That’s the watchword for aviation. As a professional pilot for over 36 years, I've always read all the accident reports trying to absorb the pertinent details for use in flight and on the ground. I even keep a list of “gotchas” to remind me, in the heat of battle, to pay attention to seemingly small details which can lead to disaster.
While cleaning up a seemingly minor spill during a routine flight from Houston to LAX my own clumsiness made me remember the tragedy that resulted from a spilled cup of coffee on the instrument pedestal (“Fate is the Hunter” by Ernie Gann) when I fumbled my water bottle squirting liquid over a panel that controls our map display. It made a mess of my screen, crowding the display with unwanted GPS fixes as we descended into the LAX metro area. Upon landing I called our maintenance techs and ‘fessed up, describing my faux pas and the type of liquid involved. such details can be of real importance in helping the tech staff fix problems that can be, if the substance involved contains sugar, a major headache.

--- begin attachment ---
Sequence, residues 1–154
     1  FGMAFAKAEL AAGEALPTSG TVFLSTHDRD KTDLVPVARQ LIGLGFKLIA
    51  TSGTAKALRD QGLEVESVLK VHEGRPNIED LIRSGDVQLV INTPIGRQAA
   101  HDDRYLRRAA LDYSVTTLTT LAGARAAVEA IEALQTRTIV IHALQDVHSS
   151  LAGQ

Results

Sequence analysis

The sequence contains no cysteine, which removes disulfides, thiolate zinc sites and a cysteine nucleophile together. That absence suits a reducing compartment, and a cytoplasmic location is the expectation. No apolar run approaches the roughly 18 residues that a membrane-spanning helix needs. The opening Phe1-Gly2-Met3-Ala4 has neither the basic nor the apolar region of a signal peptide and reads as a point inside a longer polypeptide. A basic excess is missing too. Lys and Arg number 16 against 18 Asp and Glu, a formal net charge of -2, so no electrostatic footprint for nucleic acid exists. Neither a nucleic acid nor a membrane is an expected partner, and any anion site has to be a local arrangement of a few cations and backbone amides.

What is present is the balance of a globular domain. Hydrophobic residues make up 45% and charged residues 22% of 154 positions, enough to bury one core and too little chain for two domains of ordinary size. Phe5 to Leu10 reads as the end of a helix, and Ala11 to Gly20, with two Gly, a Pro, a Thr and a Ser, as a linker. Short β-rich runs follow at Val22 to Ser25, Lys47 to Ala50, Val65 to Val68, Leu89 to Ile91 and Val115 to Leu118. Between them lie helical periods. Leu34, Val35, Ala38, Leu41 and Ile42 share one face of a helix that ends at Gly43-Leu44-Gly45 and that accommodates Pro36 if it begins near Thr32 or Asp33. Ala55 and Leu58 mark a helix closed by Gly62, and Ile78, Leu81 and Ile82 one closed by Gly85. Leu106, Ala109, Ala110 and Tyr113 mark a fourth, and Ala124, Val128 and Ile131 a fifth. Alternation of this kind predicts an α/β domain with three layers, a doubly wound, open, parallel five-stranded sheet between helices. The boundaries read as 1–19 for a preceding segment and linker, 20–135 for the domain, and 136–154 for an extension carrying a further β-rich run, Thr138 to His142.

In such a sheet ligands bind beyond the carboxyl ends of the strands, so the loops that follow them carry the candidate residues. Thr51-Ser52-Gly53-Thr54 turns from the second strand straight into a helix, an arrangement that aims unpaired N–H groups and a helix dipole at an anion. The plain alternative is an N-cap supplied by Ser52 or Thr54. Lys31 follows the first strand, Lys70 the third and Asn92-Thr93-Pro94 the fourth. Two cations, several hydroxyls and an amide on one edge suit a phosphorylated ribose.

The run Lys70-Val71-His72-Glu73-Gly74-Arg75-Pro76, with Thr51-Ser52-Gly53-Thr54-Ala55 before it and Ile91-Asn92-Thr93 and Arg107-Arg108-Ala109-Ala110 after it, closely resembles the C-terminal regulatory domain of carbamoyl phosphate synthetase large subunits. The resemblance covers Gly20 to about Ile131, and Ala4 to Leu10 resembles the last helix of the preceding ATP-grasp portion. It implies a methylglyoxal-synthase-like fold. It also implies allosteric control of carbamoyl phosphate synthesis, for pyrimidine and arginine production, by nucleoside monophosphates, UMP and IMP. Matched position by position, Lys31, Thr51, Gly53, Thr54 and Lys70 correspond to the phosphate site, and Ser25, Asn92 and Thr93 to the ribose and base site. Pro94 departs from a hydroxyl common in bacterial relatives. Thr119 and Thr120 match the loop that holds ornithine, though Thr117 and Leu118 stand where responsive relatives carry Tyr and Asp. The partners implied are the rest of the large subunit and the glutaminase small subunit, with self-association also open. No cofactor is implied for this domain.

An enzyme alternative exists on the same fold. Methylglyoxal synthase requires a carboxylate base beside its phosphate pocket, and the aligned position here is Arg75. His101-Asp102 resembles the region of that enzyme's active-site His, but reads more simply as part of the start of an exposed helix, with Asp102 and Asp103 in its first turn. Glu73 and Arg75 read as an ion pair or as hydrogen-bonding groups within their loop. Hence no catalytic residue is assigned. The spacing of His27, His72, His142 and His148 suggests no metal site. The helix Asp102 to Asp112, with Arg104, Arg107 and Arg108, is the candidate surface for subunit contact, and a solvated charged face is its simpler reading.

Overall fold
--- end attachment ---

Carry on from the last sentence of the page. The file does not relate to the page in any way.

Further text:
More recently, I asked for more fuel for a particular flight and :15 later realized I’d read the flight plan wrong, mistaking one number for another. I quickly cancelled my request for additional gas which saved everyone time, money and hassles.
As a Critical Incident Response Volunteer (CIRP), I’ve heard many stories that crowd my brain whenever a similar situation arises, from not ensuring that the push tug is well clear of the airplane before we begin to taxi to ignoring a little “pop” noise from a circuit breaker.
Mess up? Fess up. That’s the corollary to “learn from the mistakes of others.” Hiding mistakes can be deadly and given the immense amount of brownie points we get from admitting them, there’s no reason not to use them as learning tools. Mistakes can be your best friends if you’ll learn quickly from them and use the knowledge wisely in the future.